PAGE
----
Checking placement on a PEG tube?

  1. 0
    Is this necessary?

    I was never taught this in school, but so far two preceptors have had me do it.
  2. 18 Comments so far...

  3. 0
    I myself was always confused on this. My rule of thumb is ALWAYS check on NG. Never check on NJ tube or ND tube....also NOT neccessary to check placement for peg tube (aka gastrostomy tube), and doing so is not in any policy and procedure manuals I have come across. Still, I have seen some nurses do air aucultation to check peg placement, not sure why.

    ps-that being said, i would check a residual, just to make sure stomach is digesting the feed in regards to the peg...
    Last edit by ******guest****** on Nov 12, '07
  4. 2
    Yes. And document this to prevent problems later when pt's families try to sue for issues relating to tube/feedings.
  5. 0
    Quote from sweetie715
    I myself was always confused on this. My rule of thumb is ALWAYS check on NG. Never check on NJ tube or ND tube....also NOT neccessary to check placement for peg tube (aka gastrostomy tube), and doing so is not in any policy and procedure manuals I have come across. Still, I have seen some nurses do air aucultation to check peg placement, not sure why.
    Because PEGs can become dislodged, leading to some nasty peritonitis.
  6. 0
    Quote from RN1989
    Yes. And document this to prevent problems later when pt's families try to sue for issues relating to tube/feedings.
    yes, to the above!
    if anything else, you will have at least, confirmed placement and patency, to the best of your ability.
    i'm not sure why schools aren't teaching this today?
    but i will tell you, i have had gtubes go bad.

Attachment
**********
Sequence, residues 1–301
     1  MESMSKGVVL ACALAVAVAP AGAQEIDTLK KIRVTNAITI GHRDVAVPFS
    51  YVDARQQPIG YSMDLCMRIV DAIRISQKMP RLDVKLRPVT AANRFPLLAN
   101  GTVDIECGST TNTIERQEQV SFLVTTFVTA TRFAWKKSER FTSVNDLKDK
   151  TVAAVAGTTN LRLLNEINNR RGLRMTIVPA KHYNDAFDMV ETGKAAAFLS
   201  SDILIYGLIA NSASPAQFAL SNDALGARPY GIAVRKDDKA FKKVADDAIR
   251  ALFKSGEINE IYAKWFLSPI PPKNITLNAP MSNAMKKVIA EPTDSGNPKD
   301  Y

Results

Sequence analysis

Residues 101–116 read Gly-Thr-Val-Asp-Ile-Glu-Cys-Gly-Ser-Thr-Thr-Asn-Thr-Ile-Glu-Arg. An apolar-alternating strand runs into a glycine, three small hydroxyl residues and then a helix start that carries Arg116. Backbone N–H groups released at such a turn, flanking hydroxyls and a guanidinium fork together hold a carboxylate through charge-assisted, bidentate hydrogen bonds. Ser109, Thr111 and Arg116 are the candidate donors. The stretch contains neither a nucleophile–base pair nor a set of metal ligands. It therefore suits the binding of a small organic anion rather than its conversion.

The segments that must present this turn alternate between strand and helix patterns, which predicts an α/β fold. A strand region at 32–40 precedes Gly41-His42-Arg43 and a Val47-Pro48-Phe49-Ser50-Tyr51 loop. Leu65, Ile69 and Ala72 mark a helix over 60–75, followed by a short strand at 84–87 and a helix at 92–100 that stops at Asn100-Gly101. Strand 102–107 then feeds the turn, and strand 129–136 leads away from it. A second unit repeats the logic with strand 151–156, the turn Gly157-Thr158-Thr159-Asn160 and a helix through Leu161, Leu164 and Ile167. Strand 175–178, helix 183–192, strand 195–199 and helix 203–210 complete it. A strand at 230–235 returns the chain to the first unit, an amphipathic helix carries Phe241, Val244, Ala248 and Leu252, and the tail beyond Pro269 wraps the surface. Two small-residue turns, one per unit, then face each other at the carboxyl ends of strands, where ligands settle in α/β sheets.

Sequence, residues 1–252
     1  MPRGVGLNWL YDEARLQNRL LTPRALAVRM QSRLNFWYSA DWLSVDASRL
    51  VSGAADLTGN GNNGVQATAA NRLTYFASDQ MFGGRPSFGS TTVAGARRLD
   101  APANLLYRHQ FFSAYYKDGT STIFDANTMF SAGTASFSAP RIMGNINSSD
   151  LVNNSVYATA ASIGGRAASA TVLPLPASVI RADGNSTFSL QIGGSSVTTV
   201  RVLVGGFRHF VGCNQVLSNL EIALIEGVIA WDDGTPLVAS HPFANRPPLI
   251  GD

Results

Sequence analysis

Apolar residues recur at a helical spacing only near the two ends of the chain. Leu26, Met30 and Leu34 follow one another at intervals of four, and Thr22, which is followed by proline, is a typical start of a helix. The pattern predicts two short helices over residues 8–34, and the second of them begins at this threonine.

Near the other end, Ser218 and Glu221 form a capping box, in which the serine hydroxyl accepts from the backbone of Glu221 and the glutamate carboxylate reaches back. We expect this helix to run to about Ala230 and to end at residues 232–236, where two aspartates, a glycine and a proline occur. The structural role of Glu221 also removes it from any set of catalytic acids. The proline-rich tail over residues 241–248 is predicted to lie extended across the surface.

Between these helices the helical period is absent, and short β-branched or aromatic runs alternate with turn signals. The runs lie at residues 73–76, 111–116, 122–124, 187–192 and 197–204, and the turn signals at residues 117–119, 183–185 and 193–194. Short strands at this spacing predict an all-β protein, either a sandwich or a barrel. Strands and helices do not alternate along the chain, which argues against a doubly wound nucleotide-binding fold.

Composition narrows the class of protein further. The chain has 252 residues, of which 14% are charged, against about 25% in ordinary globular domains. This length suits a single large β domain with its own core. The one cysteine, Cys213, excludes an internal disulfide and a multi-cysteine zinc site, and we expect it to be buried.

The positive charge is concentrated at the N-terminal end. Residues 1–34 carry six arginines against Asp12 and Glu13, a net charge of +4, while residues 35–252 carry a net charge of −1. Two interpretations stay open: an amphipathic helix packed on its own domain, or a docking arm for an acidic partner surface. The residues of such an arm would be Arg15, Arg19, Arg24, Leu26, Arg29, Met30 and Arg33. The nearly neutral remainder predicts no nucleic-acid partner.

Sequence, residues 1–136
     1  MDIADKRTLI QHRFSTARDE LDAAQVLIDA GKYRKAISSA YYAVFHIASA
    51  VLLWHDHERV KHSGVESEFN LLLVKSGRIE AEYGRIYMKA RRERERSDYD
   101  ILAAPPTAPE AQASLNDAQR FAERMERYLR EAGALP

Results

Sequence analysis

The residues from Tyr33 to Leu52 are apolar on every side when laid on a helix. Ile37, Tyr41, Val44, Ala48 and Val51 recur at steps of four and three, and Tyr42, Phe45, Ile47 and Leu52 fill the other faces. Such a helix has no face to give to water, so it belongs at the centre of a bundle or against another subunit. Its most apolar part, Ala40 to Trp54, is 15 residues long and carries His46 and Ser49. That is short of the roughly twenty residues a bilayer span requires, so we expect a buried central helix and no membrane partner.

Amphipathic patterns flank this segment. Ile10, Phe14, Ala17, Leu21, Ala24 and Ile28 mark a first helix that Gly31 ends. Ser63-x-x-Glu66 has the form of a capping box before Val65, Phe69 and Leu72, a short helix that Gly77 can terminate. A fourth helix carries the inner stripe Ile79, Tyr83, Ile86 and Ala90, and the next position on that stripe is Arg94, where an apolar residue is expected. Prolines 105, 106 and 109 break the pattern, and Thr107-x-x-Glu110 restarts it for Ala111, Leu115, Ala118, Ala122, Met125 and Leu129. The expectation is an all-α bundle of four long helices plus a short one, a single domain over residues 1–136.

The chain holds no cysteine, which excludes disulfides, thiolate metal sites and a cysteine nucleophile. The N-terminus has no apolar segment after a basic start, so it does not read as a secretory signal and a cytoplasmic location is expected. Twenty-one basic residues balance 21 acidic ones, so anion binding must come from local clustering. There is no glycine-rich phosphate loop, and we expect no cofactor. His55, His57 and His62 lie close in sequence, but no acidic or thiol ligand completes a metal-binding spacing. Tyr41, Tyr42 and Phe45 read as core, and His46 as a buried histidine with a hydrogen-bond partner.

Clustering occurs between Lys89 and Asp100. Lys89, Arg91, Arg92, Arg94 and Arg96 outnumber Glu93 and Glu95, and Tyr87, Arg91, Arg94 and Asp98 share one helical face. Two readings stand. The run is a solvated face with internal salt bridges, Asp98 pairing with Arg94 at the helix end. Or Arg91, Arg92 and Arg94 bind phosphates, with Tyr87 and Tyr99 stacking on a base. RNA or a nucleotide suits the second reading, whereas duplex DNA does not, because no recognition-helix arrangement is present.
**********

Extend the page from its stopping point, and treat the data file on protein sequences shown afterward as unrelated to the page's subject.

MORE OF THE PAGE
and it was through the steps i took, before administering fdg/meds, that i discovered the failures.
    in such a litigious society, it would certainly benefit you to confirm the viability of a fdg tube.

    leslie
  7. 0
    How do you test a peg tube for placement? A bolus of air? If so, wouldn't you hear the air even if it wasn't in the stomach? We always check for residual, but I've never checked any other way.
    Someone teach me something here. I'm embarassed that I didn't know this.
  8. 0
    this was exactly my thoughts....
  9. 0
    We always confirm placement on all tubes such as these not only through a bolus of air but always with an x-ray before using the tube. This is to ensure that we are not in a lung. Once the tube it confirmed as placed, the md calls and tells us to advance it or retract it such and such a length it is measured so that we can ensure that it doesn't move over time. If it is an intermittent feed it is measured each time we hook it up and if it is a continuous feed it is measured once a shift and anytime that the nurse suspects that it may have moved (like if the tape has come loose)
  10. 1
    g tubes of whatever "flavor" (mode of placement) if you instill air you will hear it, even if the tube is not in stomach...it will be somewhere in the peritoneal cavity...it isnt going to be in a lung......so it doesnt apply....if it has been "sucked in", it is prob in the small intestine and is prob a tube with a balloon on the end.....check wth p+p, if you simply deflate the balloon and pull back or contact md. ...i wasnt taught to check placement on a gt either...25 or so years ago, this applies to NGtubes...if you really want to check for placement you could check aspirate for pH....residual is another issue,lol
    OkieMom3D likes this.
  11. 0
    checking for residual will check for placement in PEG tubes.


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